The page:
Archive for September, 2008

FTTP take rates pass 30%

Average take rates for fiber-to-the-premises services in North America have surpassed 30% for the first time in roughly three and a half years, according to new data released this week by RVA Market Research. Take rates took a dive in early 2005 as Verizon Communications began deploying fiber faster than it could turn up customers. The industry’s overall numbers bottomed at 18% that year but have been climbing steadily since. In competitive areas, Bell companies are seeing 35% take rates, RVA said. CLECs are averaging 29% (after a few years) — 55% in underserved areas (and in some small towns reaches as high as 85%); municipalities are averaging 54%, rural incumbents are averaging 58%, and real estate developers are averaging 80%, RVA said. “Take rates have been exceeding expectations in many cases,” said Michael Render, RVA’s founder. According to his latest numbers, 58% of FTTP users subscribe to video over the pipe.

How to upsell broadband speeds

A Calix executive here at the Fiber-to-the-Home conference relayed the story of a broadband provider in North Dakota that every December gives its customers a free bandwidth boost, to 5 Mb/s or so. Along with it, the company promotes photo-sharing and video applications meant to take advantage of the extra speed, tied to the holidays. Then in January, the company sends out emails saying, “We hope you enjoyed the free bandwidth. Your speed will now return to its normal levels.” And every January, there are some who got hooked on the speed at which those photo and video apps ran and opt to pay for a higher speed service rather than return to what they had in November. This marketing technique was first perfected by crack dealers, of course. But apparently it can work for broadband, too. Has anyone else done this? And does anyone know the identity of the North Dakota provider in question?

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FTTP users frown on VoIP?

Here at the Fiber-to-the-Home conference, I heard one FTTH provider mention that his users have complained broadly about voice-over-IP. In fact, a real estate developer that has contracted with the provider to deploy FTTH to its properties has revised those contracts to exclude VoIP going forward. It may be because FTTP generally serves an affluent clientele who have high expectations for call quality. It may be because people generally expect high quality out of FTTP services as opposed to copper. In any case, how widespread is this phenomenon? In the comments section below, can any readers relate their own experiences about FTTP users’ attitude toward VoIP?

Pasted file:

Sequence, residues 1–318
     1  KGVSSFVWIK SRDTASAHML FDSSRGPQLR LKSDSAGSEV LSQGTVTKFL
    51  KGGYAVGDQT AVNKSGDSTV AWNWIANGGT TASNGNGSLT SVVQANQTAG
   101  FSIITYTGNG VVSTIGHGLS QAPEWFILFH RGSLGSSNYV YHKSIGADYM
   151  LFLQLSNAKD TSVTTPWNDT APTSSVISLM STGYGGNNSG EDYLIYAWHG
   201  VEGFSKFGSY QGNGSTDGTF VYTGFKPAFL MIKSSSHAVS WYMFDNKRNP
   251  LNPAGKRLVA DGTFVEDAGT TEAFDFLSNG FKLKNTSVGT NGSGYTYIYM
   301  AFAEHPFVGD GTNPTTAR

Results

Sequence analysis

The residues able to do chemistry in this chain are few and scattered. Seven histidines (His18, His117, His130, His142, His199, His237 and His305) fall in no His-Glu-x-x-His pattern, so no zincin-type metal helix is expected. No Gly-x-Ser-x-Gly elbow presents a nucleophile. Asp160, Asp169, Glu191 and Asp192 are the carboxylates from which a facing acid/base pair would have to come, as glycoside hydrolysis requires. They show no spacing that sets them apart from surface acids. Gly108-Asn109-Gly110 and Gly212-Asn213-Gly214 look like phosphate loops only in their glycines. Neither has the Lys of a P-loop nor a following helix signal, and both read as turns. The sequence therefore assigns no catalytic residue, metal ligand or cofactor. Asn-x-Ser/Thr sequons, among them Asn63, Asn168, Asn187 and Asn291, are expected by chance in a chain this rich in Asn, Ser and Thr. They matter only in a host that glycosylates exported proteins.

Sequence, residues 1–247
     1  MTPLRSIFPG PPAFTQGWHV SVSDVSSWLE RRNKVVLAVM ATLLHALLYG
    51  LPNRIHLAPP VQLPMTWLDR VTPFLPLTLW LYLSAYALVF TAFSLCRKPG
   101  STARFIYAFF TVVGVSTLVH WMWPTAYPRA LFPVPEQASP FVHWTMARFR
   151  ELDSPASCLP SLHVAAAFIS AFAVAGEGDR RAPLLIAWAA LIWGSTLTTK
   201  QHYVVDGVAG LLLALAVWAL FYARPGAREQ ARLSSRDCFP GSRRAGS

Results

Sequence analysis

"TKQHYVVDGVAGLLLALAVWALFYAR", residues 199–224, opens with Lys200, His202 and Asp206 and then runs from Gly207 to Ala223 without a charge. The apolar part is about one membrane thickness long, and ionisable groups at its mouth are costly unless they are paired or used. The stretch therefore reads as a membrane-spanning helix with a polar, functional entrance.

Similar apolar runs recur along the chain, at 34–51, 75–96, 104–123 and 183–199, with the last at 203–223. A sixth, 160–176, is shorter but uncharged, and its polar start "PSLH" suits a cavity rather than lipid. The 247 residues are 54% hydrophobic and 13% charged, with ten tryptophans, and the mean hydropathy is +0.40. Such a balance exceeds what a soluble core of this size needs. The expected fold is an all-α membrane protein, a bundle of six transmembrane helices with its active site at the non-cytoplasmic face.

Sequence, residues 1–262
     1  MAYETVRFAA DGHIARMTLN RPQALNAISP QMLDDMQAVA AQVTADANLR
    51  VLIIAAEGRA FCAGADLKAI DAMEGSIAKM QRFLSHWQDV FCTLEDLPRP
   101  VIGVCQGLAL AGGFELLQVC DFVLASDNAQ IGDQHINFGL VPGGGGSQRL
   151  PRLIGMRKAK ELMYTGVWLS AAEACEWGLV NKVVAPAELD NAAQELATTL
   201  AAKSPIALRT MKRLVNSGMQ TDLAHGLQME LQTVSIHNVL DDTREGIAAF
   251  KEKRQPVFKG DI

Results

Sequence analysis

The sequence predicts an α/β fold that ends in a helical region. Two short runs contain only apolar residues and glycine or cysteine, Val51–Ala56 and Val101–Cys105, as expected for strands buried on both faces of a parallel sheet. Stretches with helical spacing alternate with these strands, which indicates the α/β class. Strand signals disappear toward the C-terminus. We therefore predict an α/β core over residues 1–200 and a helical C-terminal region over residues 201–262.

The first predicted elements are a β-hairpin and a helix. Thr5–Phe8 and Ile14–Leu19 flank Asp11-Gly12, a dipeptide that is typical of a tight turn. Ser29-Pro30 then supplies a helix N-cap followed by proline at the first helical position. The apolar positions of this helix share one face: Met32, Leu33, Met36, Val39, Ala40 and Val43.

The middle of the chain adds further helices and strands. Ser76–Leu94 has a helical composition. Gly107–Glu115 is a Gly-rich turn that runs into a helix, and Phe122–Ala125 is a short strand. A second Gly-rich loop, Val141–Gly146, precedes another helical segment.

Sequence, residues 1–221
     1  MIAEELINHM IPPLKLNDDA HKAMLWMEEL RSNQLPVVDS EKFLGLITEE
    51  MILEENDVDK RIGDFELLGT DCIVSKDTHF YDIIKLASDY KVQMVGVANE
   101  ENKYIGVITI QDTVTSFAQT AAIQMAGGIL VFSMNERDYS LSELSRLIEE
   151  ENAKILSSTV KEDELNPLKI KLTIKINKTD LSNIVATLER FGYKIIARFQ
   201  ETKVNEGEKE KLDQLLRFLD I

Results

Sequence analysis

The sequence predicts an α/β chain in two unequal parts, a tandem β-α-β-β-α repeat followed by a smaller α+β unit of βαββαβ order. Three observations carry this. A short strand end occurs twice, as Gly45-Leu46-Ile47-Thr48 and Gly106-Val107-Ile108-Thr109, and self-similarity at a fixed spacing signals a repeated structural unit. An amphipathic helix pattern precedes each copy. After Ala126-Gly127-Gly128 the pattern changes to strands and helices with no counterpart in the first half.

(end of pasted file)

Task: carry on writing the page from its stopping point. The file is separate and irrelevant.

A little personal irony

Only days after casually tossing off an editor’s letter in which I noted that consumers had moved on from expecting their landline telephone service to also be a lifeline, I discovered this wasn’t entirely true.

For my sister and her family, living in Houston, a working home phone has been a lifeline. It has enabled them to contact family members and assure them that all was well. The phone line let my sister contact me and through me, access her email to notify work colleagues around the country that she wouldn’t be available for a while. 

And when the days stretched on with no sign of commercial power coming back, the phone line was my sister’s way of reaching out for help. How else would I have known that mail service in Houston was working even when the power wasn’t? The 12-pack of “D” batteries I sent via overnight mail comes in handy when the power’s still off and the stores aren’t restocked yet.

Of course, not everyone in Houston has working phones, despite AT&T’s efforts to get generators and fresh batteries out to their remote terminals and other sites, but for those that did, the landline phone was a lifeline.

Is it reason enough to keep a home phone, and not rely simply on a wireless service? Probably not for everyone. Power outages that last for days or weeks are still pretty rare.

But the Houston experience shows that we can’t be too casual in cutting the lifeline that landline phones do often provide, at least not until there’s something to replace it, like small, inexpensive generators for recharging cellphones.

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